It is the soldiers who fight the wars on the battlefields and the politicians who squander their victories in conference rooms and at lavish banquets. The military and political history of the United States for over two centuries is a history of wars that had to be refought and victories that turned into truces and retreats when politicians had the chance to work their magic on them.
The failure by politicians to finish the War in Iraq during the Gulf War led to it being refought now. The failure to settle the basic questions in Europe after WW1 led to WW2. The failure to make the Allied Intervention in Russia count and force back the Bolsheviks led to the Cold War.
For Veteran's Day it is appropriate to remember that forgotten war, for the soldiers who died there and the cause that was lost and the lessons it holds for us.
In 1918, two expeditions of US troops, the American Expeditionary Force Siberia and the Polar Bear Expedition entered Russia and left within a year or two-- leaving several hundred dead behind them as well many more crippled for life. When compared to the conditions that would break the German army decades later fighting much further West-- the relatively light casualties and performance of American troops was nothing short of spectacular. Much like Iraq however, it was not seen that way at the time.
1918 and 1919 were crucial years. They were the years of the closing gate. The last years when the chance to break the Bolshevik hold on Russia was still possible. The last chance to ward off the murders of millions and a global war that might have ended in the nuclear annihilation of mankind.
The 15,000 American forces stationed in Russia did not lack for courage, they did however lack a mission beyond the kind of peacekeeping and reconstruction role US troops found themselves in when stationed in Iraq. President Wilson had determined that the United States was to remain neutral but as in Vietnam and as in Iraq, American forces once again found themselves trapped dealing with the corrupt and bandit ridden 'friendly' government that was the only alternative to the Bolsheviks and the ruthless and murderous Bolshevik forces adept at ambushes, blending in with the civilian population and guerrilla warfare.
Under orders to protect the railways from constant Bolshevik terrorist sabotage and Cossack bandit raids, American troops found themselves forced to fight both sides, the Communists and the Cossack bandits of General Semenoff, at the same time. Like the 'White Mice' in Vietnam or the Iraqi police, the Cossack forces represented the only alternative to the Communist enemy yet were themselves so rotten, corrupt and vicious that they were utterly useless for fighting the enemy and good for nothing except terrorizing civilians and lining their own pockets. The failure to establish a government and a military force worth fighting for, doomed the cause of freedom in Russia, in Vietnam and likely in Iraq as well.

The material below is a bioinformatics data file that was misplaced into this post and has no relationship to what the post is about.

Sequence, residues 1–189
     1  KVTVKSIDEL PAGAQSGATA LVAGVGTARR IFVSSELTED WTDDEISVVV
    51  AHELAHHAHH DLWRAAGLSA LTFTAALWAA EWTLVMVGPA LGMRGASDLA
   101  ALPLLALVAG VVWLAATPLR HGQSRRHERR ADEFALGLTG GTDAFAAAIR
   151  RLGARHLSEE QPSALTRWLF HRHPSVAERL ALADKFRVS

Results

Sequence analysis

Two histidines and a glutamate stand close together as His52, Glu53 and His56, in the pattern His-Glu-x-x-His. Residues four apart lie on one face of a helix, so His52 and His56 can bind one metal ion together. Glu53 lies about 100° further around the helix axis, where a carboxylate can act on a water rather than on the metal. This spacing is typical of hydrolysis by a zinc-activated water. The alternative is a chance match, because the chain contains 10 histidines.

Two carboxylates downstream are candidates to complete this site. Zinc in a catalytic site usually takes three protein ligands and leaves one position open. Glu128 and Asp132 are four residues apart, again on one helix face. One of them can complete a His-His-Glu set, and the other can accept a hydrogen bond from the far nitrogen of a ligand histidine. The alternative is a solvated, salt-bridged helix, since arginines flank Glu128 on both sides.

The failure to give American troops a meaningful combat role, left US troops on the defensive, trying to protect civilian infrastructure against all sides in an increasingly chaotic conflict where they could not seize the advantage or act decisively. A description that could suit either the US forces in Iraq or Russia.
In Russia, President Wilson's idealism and determination to end war, squandered an opportunity that might have greatly changed the face of the 20th century. Had the United States committed itself to defeating the Bolshevik forces while bringing an orderly command to Anti-Bolshevik forces, most of whom were little better than thugs and bandits, instead of resisting the French, Japanese and British agenda-- the Soviet Union might have been crushed in the cradle before it ever emerged to threaten the world.
After 9/11, the United States had the chance to lead a genuine war against Islamic terrorism. In Iraq, the United States had the chance to bring Iran-- the world's largest sponsor of terrorism-- to heel. That opportunity has been squandered time and time again by diplomacy and by determinedly keeping US forces in a defensive role where they're free to take casualties but have to worry about court martials and demonization when they actually step over a line in fighting back against their attackers.
President Wilson and President Bush are in many ways fundamentally different men but they both share an idealistic belief in creating a better world. Unfortunately neither of them could understand that we cannot create a better world, only a better nation and when we do that, we contribute to the world as a whole. War is a means for subduing enemies who threaten us before they can become more grievous threats. The failure to subdue the Bolsheviks carried a terrible place and might have carried a more terrible one still. It is unknown what price will be paid for a failure to subdue a nuclear Iran.
Hundreds of men died in the frozen lands of Siberia and are today mostly forgotten. We remember the dead so that the living might remember.